reality is not a fixed entity but a construction of individuals participating in research. Findings are from the inquirer and participants.
which paradigm is quantative?
which paradigm is qualitative?
how does positivist work for quantitative?
Use deductive reasoning to generate a prediction.

You focus on Empirical evidence


focus on numerics


how does naturalistic work for qualitative?
Use inductive reasoning

Knowledge is maximized when
distance between inquirer and participant is minimized

This is a flexible process. Procedures evolve and change according to new discoveries and new needs.
whatdo both paradigms have in common?
Ultimate goals

External evidence

Reliance on human cooperation

Ethical constraints

All have some degree of Fallibility - limitations
what is the goal of basic research?
discover general principles of human behavior.
what is the goal of applied research?
find solution to existing problems; tends to be of greater use for EBP
what is the definition of EBP?
The conscientious use of current best evidence in making clinical decisions about patients care (Sackett et al., 2000)
what do we do in "research utilization?"
Start – How can I use this innovation?

Use of findings

Translating empirically derived knowledge into real-world applications

CURN (Conduct and Utilization of Research in Nursing)
what do we do in EBP?
Start –What does the evidence say is the best approach for solving this problem?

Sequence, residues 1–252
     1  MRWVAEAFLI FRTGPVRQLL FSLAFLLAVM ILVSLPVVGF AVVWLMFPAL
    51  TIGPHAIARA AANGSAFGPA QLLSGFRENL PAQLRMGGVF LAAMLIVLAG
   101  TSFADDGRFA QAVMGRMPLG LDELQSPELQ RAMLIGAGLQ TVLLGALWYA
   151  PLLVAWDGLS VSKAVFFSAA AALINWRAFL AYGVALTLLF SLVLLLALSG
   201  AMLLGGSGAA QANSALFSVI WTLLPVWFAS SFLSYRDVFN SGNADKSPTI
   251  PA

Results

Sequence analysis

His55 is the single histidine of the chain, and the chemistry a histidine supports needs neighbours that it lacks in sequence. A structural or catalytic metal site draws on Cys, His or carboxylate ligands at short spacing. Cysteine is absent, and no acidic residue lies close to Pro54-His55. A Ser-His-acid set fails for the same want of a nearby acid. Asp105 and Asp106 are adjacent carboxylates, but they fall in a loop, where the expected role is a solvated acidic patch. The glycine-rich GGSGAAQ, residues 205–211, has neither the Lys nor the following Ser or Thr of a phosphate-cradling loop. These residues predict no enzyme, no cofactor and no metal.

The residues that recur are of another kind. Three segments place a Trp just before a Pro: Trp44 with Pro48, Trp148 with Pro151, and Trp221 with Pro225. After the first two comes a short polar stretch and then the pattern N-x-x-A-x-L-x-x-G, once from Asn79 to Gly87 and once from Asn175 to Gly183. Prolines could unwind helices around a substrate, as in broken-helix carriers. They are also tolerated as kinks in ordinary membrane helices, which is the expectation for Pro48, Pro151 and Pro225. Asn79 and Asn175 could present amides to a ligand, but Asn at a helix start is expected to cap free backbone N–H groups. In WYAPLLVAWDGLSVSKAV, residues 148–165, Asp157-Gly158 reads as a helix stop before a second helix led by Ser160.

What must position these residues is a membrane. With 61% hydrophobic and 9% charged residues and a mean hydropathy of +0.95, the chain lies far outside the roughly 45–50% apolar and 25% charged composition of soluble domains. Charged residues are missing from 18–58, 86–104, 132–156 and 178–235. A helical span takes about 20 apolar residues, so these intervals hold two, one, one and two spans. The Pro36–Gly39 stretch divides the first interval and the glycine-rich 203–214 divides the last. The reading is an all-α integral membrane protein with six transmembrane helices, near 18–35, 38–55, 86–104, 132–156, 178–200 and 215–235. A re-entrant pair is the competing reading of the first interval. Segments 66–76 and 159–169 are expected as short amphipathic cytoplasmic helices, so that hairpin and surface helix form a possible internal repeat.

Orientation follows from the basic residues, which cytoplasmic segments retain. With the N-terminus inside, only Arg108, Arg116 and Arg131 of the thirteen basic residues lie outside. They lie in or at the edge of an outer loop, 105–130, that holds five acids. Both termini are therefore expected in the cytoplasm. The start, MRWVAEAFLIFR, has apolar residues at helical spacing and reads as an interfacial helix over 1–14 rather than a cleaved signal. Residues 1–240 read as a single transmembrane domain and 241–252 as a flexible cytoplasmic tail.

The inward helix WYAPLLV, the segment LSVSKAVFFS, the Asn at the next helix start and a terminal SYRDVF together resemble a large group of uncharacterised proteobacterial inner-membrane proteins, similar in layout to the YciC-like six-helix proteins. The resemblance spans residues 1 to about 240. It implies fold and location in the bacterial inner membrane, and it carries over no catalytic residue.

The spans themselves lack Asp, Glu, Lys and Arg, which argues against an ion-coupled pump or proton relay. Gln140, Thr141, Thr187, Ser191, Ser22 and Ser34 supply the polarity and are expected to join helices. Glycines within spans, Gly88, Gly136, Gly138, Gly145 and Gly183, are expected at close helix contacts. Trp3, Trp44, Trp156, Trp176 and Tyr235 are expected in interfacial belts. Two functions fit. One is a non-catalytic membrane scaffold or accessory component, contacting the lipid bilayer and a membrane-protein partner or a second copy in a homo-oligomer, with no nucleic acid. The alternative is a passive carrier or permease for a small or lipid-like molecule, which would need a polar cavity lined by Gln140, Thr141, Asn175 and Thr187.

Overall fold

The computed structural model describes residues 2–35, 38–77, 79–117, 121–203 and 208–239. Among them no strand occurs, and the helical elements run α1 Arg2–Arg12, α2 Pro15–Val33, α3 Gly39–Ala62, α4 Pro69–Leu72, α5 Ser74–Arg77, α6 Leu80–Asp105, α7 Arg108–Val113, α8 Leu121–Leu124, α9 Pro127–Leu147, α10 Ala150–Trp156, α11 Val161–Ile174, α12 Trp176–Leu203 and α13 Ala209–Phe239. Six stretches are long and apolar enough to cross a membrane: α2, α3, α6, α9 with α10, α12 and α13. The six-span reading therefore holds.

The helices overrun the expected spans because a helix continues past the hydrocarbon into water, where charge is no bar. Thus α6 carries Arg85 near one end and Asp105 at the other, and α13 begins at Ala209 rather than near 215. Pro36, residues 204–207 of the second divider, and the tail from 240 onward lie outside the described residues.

Cochrane Collaboration – effort to make research summaries of research
trials available.
what are some barriers to research utilization?
Quality and nature of the research

Characteristics of the nurse

Organizational factors
what is "diffusion of innovations?"
It happens in stages:
(1) knowledge, awareness of innovation for use in practice;
(2) persuasion – form an opinion;
(3) decision stage – adopt or reject;
(4) implementation – use innovation to change practice;
(5) confirmation – adopt or reject.
what is the Iowa model?
An algorithm to follow for research utilization to address a problem. The process is initiated by a problem or knowledge trigger; identify relevant research literature
what are the indivdual efforts in the steps of EBP?
Clinical question are answerable with research evidence.

Searching for & collecting relevant evidence.

Appraising & synthesizing evidence

Integrating evidence with own clinical experience, patient preferences, local context

Assessing the effectiveness of the decision.
first part of implementing in EBP:
Making the decision for implementation
Cost/benefit ratio
Developing Evidence-based Guidelines: adopt in its entirety, adopt only certain recommendations, adopt guidelines by making necessary changes based on organizational needs.
second part of implementing
Implementing and evaluating the innovation

Evaluation plan: outcomes to be met, number of patients to involve in pilot, when and how to collect outcome information (before and after).

Staff training
some consideratins with EBP and a pilot:
Trying guidelines on one or more units or with a group of patients

Evaluating pilot. How was the pilot received? Extent guidelines were followed, implementation problems, how were client outcomes affected? What are the costs?

Evaluation time usually 6 to 12 months